7 FTX lessons for investors

James Gruber, assistant editor for Firstlinks and Morningstar Australia, on what we can learn from the implosion of the crypto exchange.
By Morningstar |  28-11-22 | 
 

The FTX story has a bit of everything. Fraud, greed, lust, political connections, a relatively new concept in cryptocurrency, wealthy families, large financiers considered ‘masters of the universe’, suckers, the Bahamas and multiple other locations of business subsidiaries. That’s not to mention the employees and average investors who’ve been caught up in the downfall. Also, the lawsuits and court drama which are no doubt to follow. Knowing America, books and movies on the subject will already be in the offing.

For Indian investors, it might not have any relevance. However, there are many lessons to take away from FTX. Some obvious; others not-so-obvious.

1) Ideas don’t make investments.

The idea of a cryptocurrency exchange may appear like a great idea. What’s not to like about taking a fees via a trading platform in the then hottest ideas going around? There are lots of ideas for businesses; many of them are sound ones. Ultimately, though, business is all about execution, and FTX had none of that.

2) Do due diligence.

A big question mark hangs over the funds which invested in this company. One of them, Singapore’s Temasek, has defended its due diligence process saying it did eight months of work on FTX before investing. I’m not sure what work they did but it clearly wasn’t enough.

3) Always look at balance sheets.

It’s alleged that when investors asked to see financial statements beyond profit and loss statements, they weren’t forthcoming. No wonder – they didn’t have any cash left. The lesson is that balance sheets and cashflow statements are just as important as the profit and loss.

4) Don’t follow the crowd.

It seems likely that the funds which invested in FTX thought others had done due diligence on the company and therefore they didn’t need to do any themselves. Big error. Do your own work and be sceptical of others piling into investments.

5) Invest in people with a track record.

This may seem obvious, and it is. But the people who invested in Sam Bankman-Fried invested in a guy who was a junior trader for three years and had no track record in anything.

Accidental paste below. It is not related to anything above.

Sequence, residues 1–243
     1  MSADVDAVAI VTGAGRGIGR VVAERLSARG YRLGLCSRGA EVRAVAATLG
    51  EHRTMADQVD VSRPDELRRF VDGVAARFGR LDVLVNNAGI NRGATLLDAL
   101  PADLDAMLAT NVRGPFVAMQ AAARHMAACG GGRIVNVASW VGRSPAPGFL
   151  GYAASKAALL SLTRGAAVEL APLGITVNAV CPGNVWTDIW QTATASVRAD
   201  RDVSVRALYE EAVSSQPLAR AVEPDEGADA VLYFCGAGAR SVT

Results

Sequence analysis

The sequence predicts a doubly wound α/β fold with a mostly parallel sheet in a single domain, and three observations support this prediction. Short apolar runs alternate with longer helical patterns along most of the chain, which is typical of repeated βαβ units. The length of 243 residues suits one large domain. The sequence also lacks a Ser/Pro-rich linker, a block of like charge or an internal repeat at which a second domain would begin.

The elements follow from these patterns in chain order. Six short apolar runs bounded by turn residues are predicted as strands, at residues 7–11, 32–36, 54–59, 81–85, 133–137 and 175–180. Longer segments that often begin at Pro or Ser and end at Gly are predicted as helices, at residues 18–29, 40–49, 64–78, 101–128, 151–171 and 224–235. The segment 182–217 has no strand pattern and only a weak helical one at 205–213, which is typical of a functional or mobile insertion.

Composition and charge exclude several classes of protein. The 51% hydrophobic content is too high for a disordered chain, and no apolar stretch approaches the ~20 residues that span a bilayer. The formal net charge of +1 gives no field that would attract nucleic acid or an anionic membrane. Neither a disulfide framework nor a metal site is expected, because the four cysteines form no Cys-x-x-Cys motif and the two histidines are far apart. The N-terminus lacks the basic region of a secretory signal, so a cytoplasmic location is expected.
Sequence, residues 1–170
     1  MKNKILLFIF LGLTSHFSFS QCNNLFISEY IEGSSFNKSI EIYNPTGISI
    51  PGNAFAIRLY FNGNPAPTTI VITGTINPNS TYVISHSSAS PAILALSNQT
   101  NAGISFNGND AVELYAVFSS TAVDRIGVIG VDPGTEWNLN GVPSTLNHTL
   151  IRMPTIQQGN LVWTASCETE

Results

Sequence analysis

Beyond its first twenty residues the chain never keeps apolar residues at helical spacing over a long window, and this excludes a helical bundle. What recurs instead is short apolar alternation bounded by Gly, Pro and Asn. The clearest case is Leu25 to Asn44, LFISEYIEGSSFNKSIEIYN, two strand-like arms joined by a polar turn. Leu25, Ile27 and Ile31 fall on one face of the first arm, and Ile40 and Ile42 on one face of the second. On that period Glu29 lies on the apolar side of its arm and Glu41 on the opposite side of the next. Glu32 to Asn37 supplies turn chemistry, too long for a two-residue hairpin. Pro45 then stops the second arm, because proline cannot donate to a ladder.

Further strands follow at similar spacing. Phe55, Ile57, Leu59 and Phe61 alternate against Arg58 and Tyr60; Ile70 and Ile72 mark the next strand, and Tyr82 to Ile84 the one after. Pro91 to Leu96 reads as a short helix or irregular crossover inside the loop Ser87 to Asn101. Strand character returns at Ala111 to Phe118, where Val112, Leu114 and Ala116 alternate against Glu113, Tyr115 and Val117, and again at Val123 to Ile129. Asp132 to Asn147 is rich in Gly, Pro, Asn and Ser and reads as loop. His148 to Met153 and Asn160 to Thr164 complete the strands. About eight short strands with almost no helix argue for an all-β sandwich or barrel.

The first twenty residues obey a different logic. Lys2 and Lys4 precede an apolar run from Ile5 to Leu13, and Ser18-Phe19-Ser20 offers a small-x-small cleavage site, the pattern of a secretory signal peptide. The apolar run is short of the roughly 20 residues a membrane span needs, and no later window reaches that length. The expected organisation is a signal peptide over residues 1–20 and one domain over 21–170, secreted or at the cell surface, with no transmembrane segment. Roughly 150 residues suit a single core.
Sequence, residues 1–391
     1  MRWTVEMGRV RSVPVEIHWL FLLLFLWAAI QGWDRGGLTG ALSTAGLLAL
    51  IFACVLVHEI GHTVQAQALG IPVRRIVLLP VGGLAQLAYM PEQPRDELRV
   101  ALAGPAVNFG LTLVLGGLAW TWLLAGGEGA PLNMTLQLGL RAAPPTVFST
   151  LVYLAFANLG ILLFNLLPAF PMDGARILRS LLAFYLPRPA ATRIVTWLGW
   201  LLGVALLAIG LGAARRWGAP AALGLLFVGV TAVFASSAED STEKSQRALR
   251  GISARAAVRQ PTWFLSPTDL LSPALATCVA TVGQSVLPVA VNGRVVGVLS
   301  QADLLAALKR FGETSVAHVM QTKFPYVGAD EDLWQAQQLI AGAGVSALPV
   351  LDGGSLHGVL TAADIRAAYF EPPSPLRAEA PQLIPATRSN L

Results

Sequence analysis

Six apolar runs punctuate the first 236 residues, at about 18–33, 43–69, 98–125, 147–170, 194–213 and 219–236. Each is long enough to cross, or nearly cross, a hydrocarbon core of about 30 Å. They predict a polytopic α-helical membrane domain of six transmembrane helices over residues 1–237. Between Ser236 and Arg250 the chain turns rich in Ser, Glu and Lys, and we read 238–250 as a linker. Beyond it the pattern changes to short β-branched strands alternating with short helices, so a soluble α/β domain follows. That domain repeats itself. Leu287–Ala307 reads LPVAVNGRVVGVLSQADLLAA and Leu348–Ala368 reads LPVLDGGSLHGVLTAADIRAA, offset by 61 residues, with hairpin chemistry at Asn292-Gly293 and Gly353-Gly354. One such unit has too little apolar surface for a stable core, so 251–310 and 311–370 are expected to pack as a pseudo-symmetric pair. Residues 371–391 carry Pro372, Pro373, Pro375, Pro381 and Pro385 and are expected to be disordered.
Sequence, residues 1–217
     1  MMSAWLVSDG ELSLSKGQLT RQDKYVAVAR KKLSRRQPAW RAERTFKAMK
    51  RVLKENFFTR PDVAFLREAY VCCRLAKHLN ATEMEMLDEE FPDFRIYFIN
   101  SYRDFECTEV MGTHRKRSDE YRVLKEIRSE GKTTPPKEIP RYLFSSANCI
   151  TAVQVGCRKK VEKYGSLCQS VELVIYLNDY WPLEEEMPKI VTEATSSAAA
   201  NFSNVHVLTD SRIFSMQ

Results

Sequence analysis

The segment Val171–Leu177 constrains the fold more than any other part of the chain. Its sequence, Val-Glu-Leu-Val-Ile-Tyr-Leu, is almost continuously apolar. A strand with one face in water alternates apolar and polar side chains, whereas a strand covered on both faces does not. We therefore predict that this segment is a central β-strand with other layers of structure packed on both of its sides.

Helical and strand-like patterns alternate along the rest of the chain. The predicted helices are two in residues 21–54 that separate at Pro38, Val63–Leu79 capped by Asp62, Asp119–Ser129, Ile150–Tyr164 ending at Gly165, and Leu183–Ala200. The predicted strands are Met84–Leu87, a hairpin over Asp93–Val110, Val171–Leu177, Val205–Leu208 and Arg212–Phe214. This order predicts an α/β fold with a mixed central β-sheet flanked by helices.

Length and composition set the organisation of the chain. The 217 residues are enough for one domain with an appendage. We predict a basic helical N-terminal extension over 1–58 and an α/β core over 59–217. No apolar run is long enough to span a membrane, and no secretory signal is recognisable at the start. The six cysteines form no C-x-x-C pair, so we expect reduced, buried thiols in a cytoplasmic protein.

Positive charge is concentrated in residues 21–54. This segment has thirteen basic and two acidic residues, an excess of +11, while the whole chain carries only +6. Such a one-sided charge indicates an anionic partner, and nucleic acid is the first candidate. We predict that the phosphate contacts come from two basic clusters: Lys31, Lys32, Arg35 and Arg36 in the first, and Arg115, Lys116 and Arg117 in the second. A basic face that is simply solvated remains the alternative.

6) Keep on top of your investments.

When you invest in something, it’s not a case of set and forget’. You need to keep track of the investment. In the FTX case, Caroline Ellison, who headed the related company Alameda Research, bragged about regular methamphetime use on social media in May last year. A red flag, one would have thought.

7) Watch the flows.

There is a less obvious lesson from FTX and the cryptocurrency sector. Investors should be wary when significant money is flowing into a sector. Particularly if there are a host of company IPOs in the same sector at around the same time.

The process often goes like this:

  • There is a hot new idea or technology. Startups raise money, which leads to further money raising. That leads to institutions investing alongside venture capitalists. Which leads to more startups trying to raise money in the space.
  • Investment banks will want a piece of the action, so companies will IPO to raise more money and/or cash in for themselves and their investors. After IPO, these investment banks will put buy ratings on companies, and more investors will pile in.
  • All of which results in significant investment in the industry, and often, over-investment. That can lead to lower returns, increased regulation, investments fleeing the sector, cost cutting and eventually, industry consolidation.

This cycle has played out many times before cryptocurrency came along. There was TMT (acronym for technology, media and telecom sectors) in the late 1990s and subprime lending in the U.S. prior to 2008. Last year's bull run in India saw many high-profiled IPOs attract investors. The crash of high-profile IPOs as the Sensex surges looks at Zomato, Paytm, Star Health and Allied Insurance, PB Fintech, Cartrade, and Nykaa.

We see this when a particular sector or theme is doing well and money flows into it. Infrastructure saw an uptrend from 2004 to 2007, and money poured into infrastructure funds.

Director of fund research Kaustubh Belapurkar says that it is important that you do not buy into a sectoral fund that has done well recently. "The past returns may look attractive, but the worst time to get into a sector is when its best times are behind it. Rather, invest in a sector that’s relatively underperformed in the recent years," he says. "Our recent study on the gap between investor returns and fund returns shows us that sector funds tend to display the highest gaps as investor made poorly timed entry and exit in these funds. As on June 30, 2022, Infotech funds returns 27.49% p.a., but the investor returns (average rupee invested) in those funds only earned 3.18% - a huge investor return gap of 24.31%!!! Tech stocks had a great run up in 2020 and 2021, but bulk of the flows came into the funds after this run up." Read more in So you want to buy a tech fund?

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